However, one of my stories is about fear, and how it can both stop you from doing things, and drive you forward into doing things. So, in the name of research, I went kayaking on the Delaware while it was the color of coffee and just below flood stage. I saw eagles, dodged a rock, managed to let go of my paddle long enough to dip my fingers in the water, and, most importantly, I didn’t drown. Am I a kayaking convert?

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No. The fear runs too deep. That’s me in the background, death grip on my paddle, so focused on going in a straight line I forgot to kick back and have fun.

Smile!

But I did it. And the next time I am faced with doing something I fear, I’ll remember kayaking. And how I lived to talk about it. And hopefully it will make moving forward into that fear a little easier.

 

10. My fellow Nature Retreaters. There are not enough words to describe our short time together, but I’ve tried to capture just a few that, for me, describe the gift each of you gave me while eating and playing and laughing in a magical place in the Poconos. 

Carol: Maybe being a farmer and a writer isn’t so weird after all. Here’s proof!

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Deborah: Find a way.

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Chuck: Do what you love. (Like going fishing instead of visiting a flower farm.)

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Nicole: See the world and all its wonders.

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Sharon: Live out loud, laugh out loud, and sing with your whole body. (How I wish this photo was of you singing about a moose drinking juice.)

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Myrna: Speak out.

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Kate: Ask. The answer might be yes.

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Kim: Yes. It is real.

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Thank you all, from the bottom of my heart.

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Peace and Love,

Chris

 

#50PreciousWords 2018 Writing Challenge

Vivian Kirkfield issued a challenge and I accepted! A complete story, beginning, middle, and end, in 50 words. Enjoy!

 

IMPATIENT PATIENCE

by Chris M. Regier

The hay field was empty.
“Hey.” Patience bleated.
They’d been robbed!
“Hey!” Patience bellered.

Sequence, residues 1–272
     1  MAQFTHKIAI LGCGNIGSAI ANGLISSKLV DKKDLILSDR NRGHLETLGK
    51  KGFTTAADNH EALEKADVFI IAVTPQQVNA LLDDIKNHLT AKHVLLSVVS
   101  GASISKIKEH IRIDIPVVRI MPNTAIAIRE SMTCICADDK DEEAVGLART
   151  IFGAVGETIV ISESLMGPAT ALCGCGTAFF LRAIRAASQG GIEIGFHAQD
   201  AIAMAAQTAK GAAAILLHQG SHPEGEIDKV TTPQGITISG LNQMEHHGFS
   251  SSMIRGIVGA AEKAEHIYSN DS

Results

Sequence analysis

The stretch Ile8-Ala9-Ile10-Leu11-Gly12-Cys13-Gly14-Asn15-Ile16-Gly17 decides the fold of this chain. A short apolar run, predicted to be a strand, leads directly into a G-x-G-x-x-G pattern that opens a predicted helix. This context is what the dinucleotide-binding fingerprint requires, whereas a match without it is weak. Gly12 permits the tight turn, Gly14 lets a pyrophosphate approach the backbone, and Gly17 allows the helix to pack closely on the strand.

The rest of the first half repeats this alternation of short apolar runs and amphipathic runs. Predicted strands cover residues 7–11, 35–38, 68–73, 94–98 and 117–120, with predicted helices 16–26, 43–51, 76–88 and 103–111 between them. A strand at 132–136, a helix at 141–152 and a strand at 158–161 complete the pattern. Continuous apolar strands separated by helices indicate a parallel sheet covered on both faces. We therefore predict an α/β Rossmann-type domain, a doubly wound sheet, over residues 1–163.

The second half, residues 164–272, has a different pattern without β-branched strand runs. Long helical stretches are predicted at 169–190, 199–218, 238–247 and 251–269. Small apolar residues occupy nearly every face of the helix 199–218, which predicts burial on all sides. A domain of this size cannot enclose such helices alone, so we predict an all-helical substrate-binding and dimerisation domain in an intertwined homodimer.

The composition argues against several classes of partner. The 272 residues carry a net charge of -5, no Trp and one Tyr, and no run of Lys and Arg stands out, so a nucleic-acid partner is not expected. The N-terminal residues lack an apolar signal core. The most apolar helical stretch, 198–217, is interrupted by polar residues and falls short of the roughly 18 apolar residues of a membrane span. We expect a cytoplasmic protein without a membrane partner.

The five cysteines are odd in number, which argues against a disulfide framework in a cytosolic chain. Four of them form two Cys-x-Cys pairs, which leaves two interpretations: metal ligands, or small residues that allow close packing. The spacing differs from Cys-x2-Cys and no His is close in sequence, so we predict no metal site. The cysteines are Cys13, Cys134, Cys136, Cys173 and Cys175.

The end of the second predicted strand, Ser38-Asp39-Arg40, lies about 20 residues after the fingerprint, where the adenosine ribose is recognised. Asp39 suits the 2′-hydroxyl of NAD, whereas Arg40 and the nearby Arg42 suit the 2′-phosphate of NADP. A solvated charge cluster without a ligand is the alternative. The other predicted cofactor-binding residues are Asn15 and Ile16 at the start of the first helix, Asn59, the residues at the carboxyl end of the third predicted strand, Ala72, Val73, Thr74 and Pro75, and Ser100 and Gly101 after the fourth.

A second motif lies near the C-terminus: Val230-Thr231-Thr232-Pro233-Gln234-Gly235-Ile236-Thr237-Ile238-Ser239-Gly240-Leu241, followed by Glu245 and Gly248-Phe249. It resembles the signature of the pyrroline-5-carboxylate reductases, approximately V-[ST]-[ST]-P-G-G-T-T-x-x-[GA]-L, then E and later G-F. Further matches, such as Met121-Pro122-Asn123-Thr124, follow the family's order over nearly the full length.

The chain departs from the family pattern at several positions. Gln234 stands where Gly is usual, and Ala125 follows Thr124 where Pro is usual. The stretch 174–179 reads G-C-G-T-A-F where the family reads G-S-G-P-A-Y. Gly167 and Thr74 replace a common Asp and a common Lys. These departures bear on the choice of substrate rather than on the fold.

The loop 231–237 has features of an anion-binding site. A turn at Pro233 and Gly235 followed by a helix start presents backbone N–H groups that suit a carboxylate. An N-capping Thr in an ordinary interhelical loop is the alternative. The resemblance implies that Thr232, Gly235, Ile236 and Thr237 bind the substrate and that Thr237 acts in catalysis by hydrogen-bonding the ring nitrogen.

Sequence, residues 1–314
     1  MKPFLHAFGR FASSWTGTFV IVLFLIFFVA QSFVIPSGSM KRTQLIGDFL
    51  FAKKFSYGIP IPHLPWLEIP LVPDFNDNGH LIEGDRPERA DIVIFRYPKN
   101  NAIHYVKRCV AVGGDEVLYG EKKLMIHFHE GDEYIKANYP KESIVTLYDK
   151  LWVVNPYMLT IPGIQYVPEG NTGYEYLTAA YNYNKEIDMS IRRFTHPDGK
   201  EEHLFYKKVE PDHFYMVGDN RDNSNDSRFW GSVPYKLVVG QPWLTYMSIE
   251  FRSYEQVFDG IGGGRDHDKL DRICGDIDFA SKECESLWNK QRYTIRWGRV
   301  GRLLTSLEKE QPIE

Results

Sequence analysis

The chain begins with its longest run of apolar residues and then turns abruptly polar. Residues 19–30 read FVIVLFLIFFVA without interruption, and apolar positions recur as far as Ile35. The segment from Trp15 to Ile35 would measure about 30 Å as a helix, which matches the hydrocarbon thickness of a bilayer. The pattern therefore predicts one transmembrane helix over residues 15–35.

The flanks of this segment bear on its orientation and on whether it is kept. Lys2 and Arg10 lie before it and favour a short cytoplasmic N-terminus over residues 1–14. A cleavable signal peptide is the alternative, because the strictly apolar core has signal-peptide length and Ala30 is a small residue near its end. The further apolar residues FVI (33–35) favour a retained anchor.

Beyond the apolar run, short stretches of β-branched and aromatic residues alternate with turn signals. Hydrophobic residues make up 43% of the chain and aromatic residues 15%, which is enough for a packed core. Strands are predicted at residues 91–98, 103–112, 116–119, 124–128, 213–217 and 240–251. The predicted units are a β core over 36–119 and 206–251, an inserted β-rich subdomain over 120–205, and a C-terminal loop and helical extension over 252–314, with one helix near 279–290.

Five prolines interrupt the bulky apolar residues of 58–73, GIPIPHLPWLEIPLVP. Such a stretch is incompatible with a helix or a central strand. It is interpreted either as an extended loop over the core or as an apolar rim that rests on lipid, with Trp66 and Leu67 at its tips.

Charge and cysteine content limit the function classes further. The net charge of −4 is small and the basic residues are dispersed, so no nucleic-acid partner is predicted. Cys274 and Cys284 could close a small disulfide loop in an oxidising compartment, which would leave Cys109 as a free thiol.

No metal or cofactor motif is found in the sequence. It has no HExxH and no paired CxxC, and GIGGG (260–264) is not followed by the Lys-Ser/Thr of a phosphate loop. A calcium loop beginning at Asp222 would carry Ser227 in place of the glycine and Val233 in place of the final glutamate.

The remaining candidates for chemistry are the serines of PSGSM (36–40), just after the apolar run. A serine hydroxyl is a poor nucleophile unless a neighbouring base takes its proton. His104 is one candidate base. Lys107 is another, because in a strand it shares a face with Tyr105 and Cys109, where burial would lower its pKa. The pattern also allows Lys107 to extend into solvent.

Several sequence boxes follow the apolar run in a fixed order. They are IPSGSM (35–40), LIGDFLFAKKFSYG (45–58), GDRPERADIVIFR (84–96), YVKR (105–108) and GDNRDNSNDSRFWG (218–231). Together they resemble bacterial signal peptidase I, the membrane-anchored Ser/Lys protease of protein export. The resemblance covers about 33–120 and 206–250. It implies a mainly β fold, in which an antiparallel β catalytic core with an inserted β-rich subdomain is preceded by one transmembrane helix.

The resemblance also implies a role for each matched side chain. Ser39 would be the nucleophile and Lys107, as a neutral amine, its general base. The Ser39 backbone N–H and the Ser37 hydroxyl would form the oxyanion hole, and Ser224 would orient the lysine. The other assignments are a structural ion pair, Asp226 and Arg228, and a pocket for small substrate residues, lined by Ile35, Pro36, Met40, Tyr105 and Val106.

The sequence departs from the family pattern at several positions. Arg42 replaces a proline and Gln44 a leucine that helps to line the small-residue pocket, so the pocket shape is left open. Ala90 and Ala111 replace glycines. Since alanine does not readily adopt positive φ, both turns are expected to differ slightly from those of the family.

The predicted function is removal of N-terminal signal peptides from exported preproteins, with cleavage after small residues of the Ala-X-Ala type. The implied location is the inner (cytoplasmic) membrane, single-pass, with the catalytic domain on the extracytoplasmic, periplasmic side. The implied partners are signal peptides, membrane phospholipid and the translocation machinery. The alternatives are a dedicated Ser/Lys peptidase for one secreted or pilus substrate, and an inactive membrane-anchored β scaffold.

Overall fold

Anxious to alert the farmer, she didn’t notice the bale wagon disappearing into the barn.
“HEY!” Patience bawled.
All.
Day.
Long.
Hoarse and hungry, she finally trudged home.
Into a barn bursting with wispy, wonderful…
“Hay!”

Love

Last fall, on a camping trip, my husband found a rock painted with a mandala design. On the back was the hashtag #WCPR and the phrase, “Keep, or re-hide.”

I did a little research and discovered that WCPR stands for “West Coast Painted Rocks” and painting and hiding rocks as random acts of kindness is their mission.

And just like that, I had a new hobby.

Last night I hid painted Valentine rocks at the local grade school. This morning, I got love in return. Best. Investment. Ever.

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Even better? I’ve been asked to come to school and teach the kids how to paint rocks. And to tell them why I hide them for others to find.

Because it’s fun.

Because it’s kind.

Because it’s love.

Rock on!

Chris

Gifts

I sent a story out on submission this week that I’ve been working on for awhile. A story I wonder if I’m qualified to write, in ways, and, in other ways, know without a doubt I’m as qualified as they come. A story that made me read and reach and learn, until my brain hurt. A story that flowed like water, like air, like life, until my heart sang. A story who’s spark came out of a blackness so dark I wasn’t sure I would ever see again. A story that reminds us starlight is everywhere, the darkness just makes it easier to see.

Happy Earth Day, my loves. You are, each and every one of you, a gift to me.

Peace and love,

Chris